The World’s First Pinpoint Accurate Dive Bomber
The Junkers Ju 87 dive bomber, or Stuka, was the most distinctive airplane early in WWII. With its inverted gull wings and nerve-wracking shriek as it dove on targets, the Stuka became the symbol of the blitzkrieg, terrifying soldiers and civilians from the Russian Steppe to the Atlantic, and from the Arctic Circle to the Sahara. The Battle of Britain exposed its vulnerability to enemy fighters, but in the right conditions, Stukas continued to wreak havoc until war’s end.
The Stuka was designed in secrecy in 1933, back when Germany still pretended compliance with the Treaty of Versailles and its prohibition of a German air force. A prototype was built in Sweden, smuggled into Germany in 1934, and test flown in 1935. The inverted gull wings improved the pilot’s ground visibility, and allowed a shorter and sturdier undercarriage, while maintaining enough ground clearance for the propeller.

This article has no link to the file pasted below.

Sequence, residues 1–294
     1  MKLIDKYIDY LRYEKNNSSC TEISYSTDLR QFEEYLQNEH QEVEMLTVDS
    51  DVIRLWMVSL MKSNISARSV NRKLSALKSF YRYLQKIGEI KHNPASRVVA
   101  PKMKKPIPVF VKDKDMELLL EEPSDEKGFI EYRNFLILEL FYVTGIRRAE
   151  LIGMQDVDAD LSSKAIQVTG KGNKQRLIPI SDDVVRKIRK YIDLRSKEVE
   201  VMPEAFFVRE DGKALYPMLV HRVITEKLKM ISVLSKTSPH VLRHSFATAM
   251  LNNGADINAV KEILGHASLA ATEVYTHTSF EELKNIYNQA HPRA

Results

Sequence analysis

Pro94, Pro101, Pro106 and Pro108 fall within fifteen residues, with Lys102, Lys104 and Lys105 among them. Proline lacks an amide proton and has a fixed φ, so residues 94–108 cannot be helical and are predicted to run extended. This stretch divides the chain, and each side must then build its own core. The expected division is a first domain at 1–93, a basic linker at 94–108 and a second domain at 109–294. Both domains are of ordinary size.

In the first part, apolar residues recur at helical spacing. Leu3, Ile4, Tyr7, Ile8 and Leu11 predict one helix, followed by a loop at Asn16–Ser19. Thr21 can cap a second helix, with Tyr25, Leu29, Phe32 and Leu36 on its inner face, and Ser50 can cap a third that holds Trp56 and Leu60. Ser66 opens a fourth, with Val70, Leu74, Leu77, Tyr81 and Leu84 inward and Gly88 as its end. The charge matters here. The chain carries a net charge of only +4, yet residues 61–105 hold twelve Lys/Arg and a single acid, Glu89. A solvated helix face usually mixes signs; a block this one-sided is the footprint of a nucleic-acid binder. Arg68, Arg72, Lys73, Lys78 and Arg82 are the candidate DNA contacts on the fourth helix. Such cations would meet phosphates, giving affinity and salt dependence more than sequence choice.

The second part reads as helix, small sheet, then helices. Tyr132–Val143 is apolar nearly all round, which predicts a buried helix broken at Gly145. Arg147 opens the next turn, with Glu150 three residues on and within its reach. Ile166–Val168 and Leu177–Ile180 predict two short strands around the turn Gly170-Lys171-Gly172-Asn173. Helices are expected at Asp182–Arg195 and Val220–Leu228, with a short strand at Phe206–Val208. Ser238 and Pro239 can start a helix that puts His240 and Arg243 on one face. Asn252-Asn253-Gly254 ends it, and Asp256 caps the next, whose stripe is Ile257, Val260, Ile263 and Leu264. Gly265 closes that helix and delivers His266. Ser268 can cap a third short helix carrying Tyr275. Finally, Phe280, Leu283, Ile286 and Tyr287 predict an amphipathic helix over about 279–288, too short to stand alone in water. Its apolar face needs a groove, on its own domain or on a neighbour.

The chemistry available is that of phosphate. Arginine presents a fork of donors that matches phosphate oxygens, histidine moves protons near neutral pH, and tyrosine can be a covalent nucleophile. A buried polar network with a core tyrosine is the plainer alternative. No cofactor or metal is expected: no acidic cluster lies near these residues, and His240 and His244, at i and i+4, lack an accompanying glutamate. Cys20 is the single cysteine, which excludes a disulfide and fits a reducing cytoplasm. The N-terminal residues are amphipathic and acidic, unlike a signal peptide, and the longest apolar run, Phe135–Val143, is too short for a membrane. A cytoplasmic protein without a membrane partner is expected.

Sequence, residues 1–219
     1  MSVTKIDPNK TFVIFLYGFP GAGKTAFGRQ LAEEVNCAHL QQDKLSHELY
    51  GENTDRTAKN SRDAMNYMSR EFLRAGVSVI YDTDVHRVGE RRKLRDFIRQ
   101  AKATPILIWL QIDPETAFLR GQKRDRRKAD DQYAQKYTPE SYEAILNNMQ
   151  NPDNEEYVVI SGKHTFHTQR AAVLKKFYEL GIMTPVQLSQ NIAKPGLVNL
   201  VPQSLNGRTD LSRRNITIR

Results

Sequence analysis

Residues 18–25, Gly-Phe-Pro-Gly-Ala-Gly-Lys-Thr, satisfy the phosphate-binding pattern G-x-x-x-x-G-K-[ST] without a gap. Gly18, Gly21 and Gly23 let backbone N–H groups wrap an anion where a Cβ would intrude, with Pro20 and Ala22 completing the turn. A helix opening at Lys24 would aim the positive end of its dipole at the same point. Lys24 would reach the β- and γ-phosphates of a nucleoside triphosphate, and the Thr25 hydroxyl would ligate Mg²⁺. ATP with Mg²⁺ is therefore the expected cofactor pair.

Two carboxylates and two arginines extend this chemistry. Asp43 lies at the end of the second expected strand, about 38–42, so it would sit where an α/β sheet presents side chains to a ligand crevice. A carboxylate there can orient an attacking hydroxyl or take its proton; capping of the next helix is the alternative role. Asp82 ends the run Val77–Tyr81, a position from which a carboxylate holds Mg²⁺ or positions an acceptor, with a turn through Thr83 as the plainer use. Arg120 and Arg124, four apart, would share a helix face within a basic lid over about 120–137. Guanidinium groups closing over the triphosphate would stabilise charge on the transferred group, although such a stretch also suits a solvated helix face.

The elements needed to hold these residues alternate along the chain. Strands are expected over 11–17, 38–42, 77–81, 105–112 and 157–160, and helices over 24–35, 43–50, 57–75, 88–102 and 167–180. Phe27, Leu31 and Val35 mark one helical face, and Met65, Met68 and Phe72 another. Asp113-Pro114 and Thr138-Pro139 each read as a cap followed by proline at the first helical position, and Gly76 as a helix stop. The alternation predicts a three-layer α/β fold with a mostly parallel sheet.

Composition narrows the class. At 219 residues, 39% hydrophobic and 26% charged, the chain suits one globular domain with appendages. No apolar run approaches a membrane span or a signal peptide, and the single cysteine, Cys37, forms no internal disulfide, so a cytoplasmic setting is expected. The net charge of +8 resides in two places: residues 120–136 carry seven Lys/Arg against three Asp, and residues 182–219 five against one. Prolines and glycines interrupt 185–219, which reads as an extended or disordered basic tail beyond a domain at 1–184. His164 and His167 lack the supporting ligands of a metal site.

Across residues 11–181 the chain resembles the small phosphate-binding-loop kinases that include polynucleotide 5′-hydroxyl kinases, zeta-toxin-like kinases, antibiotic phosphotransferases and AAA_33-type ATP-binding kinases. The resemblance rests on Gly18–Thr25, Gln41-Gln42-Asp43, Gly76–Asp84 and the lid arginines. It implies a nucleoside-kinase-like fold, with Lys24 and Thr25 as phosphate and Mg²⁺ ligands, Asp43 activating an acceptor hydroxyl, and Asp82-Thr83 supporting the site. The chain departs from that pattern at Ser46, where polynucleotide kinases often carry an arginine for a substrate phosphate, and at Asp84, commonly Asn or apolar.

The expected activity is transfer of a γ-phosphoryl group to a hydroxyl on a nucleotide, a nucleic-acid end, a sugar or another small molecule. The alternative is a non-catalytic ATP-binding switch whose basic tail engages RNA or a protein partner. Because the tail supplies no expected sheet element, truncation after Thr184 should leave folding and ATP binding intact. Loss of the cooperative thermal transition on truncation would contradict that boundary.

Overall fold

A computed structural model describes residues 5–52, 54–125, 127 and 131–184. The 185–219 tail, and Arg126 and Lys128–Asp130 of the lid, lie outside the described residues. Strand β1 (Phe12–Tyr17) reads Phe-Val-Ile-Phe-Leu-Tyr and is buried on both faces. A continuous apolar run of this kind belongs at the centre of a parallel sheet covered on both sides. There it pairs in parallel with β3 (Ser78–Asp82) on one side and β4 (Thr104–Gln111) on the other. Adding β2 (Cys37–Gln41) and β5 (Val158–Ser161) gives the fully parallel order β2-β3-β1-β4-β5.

Ju 87A Stukas were tested during the Spanish Civil War. The results were initially mixed, but they steadily improved as designers worked out the kinks, and personnel gained operational experience. By the time Germany launched WWII, front line squadrons were using the upgraded Ju 87B version. It was usually armed with a 500 kilogram bomb, and had wind-driven sirens known as “Jericho Trumpets” that emitted an intimidating wail when the plane dove. That effect was further enhanced by attaching cardboard sirens to the bombs, causing them to emit a terrifying shriek as they plummeted to their targets. The bombload was increased to 1800 kg in the upgraded Ju 87D, which entered service in 1941. The Ju 87G, which became operational in 1943, carried two armor-piercing 37mm cannons in lieu of bombs, and proved especially lethal against tanks, whose thinner top armor was vulnerable to attacks from above.
The Stuka’s greatest asset was its pinpoint accuracy by WWII standards, and in the hands of an experienced pilot, it could destroy a zigzagging target. Germany’s most decorated serviceman of the war, Hans-Ulrich Rudel flew a Stuka. Behind the controls of that plane, he is credited with having destroyed 519 tanks, over 800 vehicles, 150 artillery positions, damaged a battleship, sank a cruiser, a destroyer, plus 70 other seacraft, and downed 9 airplanes.